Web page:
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“John D. MacDonald was the great entertainer of our age, and a mesmerizing storyteller.” — Stephen King When Travis McGee picks up the phone and hears a voice from his past, he can’t help it: He has to meddle. Especially when he has the chance to reunite Sam Taggart, a reckless, restless man like himself, with the woman who’s still waiting for him. But what begins as a simple matchmaking scheme soon becomes a bloody chase that takes McGee to Mexico, a beautiful country from which he hopes to return alive. “Travis McGee is the last of the great knights-errant: honorable, sensual, skillful, and tough. I can’t think of anyone who has replaced him. I can’t think of anyone who would dare.” — Donald Westlake Deception. Betrayal. Heartbreak. When Sam left his girlfriend, Nora, and vanished from Fort Lauderdale, no one was surprised. But when he shows up three years later lying in a pool of his own blood, people start to ask questions. And his old friend Travis McGee is left to find answers. But all he has to go on are a gold Aztec idol and a very angry ex-girlfriend. Is that enough to find his friend’s killer? And when the truth is as terrifying as this, does he really want answers after all? “John D. MacDonald is a shining example for all of us in the field.” — Mary Higgins Clark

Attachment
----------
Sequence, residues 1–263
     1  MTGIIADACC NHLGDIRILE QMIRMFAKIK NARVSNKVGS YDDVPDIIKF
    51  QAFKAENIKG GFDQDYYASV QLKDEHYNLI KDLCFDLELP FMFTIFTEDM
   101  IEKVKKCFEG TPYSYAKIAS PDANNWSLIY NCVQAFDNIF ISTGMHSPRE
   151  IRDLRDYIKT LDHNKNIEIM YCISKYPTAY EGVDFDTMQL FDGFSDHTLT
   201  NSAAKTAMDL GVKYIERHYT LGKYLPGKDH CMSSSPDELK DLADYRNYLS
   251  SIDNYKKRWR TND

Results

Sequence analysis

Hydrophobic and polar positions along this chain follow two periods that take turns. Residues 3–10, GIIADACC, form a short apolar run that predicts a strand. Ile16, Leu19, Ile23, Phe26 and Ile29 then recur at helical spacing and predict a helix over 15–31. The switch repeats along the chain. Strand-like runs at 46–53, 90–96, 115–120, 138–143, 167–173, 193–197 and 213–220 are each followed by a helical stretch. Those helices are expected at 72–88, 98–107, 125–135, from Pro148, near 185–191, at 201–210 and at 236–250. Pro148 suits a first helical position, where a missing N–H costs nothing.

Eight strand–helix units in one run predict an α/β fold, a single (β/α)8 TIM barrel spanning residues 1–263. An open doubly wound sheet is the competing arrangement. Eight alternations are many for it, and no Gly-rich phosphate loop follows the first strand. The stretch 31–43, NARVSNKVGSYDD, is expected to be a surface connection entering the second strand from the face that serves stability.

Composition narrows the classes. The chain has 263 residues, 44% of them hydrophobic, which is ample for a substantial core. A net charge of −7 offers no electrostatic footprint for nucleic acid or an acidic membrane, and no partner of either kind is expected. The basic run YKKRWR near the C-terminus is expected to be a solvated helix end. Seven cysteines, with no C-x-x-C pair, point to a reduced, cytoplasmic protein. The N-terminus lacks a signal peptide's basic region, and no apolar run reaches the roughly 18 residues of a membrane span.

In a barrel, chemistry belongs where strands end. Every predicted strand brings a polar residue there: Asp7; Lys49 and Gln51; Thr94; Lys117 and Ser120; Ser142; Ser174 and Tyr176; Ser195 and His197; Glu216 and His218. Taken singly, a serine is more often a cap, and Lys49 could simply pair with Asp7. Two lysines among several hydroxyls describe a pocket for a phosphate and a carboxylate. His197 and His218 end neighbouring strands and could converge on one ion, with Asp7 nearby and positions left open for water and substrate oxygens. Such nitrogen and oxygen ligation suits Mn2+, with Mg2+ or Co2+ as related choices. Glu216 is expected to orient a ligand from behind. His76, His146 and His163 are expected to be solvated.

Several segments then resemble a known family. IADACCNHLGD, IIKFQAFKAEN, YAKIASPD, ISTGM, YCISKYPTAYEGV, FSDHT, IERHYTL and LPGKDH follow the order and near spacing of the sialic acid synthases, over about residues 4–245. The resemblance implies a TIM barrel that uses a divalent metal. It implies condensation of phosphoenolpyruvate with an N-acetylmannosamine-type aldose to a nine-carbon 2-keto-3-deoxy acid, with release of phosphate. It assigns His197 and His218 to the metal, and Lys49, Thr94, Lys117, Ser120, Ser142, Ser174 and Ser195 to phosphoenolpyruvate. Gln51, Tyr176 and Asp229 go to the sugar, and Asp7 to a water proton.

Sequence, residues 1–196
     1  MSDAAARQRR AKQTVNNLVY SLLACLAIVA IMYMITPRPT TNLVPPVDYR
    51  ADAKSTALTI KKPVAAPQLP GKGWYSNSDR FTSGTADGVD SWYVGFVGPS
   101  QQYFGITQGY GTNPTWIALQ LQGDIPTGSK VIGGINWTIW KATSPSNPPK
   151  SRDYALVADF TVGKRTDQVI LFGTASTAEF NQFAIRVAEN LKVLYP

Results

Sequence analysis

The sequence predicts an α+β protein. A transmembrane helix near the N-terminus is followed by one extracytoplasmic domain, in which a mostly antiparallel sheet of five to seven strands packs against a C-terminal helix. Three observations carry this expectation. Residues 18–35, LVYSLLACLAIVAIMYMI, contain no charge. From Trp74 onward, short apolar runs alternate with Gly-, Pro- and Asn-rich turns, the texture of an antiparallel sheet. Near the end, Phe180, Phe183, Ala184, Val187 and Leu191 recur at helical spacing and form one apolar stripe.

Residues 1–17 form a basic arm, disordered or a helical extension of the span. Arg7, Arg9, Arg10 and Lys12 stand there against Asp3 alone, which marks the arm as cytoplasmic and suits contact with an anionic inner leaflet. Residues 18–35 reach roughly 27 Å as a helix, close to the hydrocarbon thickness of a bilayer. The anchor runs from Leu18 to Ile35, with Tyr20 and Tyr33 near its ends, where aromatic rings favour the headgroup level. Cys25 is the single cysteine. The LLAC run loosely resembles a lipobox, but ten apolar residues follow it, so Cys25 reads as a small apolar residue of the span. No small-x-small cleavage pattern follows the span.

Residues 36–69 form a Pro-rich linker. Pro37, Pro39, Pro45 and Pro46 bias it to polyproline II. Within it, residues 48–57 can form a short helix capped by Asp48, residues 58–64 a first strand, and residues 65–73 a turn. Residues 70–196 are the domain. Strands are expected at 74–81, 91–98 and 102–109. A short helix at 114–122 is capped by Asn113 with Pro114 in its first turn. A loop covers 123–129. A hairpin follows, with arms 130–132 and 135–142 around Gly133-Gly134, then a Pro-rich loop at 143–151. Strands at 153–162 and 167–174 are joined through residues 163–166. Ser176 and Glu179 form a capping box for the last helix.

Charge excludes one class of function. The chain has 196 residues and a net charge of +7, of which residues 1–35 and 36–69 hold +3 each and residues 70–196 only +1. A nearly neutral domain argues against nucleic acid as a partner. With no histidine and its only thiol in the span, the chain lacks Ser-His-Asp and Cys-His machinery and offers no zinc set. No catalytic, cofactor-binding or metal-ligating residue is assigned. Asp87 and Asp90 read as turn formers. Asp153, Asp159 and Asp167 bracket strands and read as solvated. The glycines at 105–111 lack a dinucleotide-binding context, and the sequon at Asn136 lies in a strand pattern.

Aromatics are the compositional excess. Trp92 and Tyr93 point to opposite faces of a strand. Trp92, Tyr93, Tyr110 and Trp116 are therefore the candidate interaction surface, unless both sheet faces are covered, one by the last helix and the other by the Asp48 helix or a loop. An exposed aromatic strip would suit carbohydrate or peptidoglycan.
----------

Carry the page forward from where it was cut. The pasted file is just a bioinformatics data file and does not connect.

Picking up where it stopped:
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When I first arrived at Ballantine, where I am the mass market managing editor, we were just undergoing a daunting task: repackaging all of John D. MacDonald's Travis McGee novels. We were giving him a brand-new, beautiful look; ingeniously, we used a deep blue color for THE DEEP BLUE GOOD-BY, a gold color for A DEADLY SHADE OF GOLD, a lavender hue for THE LONG LAVENDER LOOK, etc. But as I worked on the actual stories themselves, I realized that as colorful as these books now are on the outside, they're even more colorful on the inside. In order to prepare these books, we had to have them retyped from scratch; some of these books are so old that the plates had died, so we had nothing to print from. So all the books had to be proofread as if they were new books, and what a joy it was working on them. I unexpectedly rediscovered an author and character I knew very little about. Travis McGee is one of the great characters in crime fiction, and John D. MacDonald a fascinating storyteller. You never know what either is going to do next, or say next; what is going on in their minds is as important, if not more so, then what is going on outside Travis's boat. All of which add up to a heckuva fun series. Mark Rifkin, Managing EditorialFrom the Inside Flap:
When Travis McGee discovers a face from his past lying in a pool of blood on a cheap motel room floor, he wants answers. But so far, all he has are questions--plus the dubious inheritance of his friend's vengeance-driven girlfriend, and a valuable ancient Aztec golden idol. Part rebel, part philosopher, and every inch his own man, Travis McGee plunges into a wild and perilous trek for a killer that takes him from the Lauderdale beaches to the seething corruption of American expatriates in a distant Mexican town, to the lush high life of the California jet set.
"A master storyteller, a wizard of dialogue, characterization, and plot."
Chicago Tribune Book World
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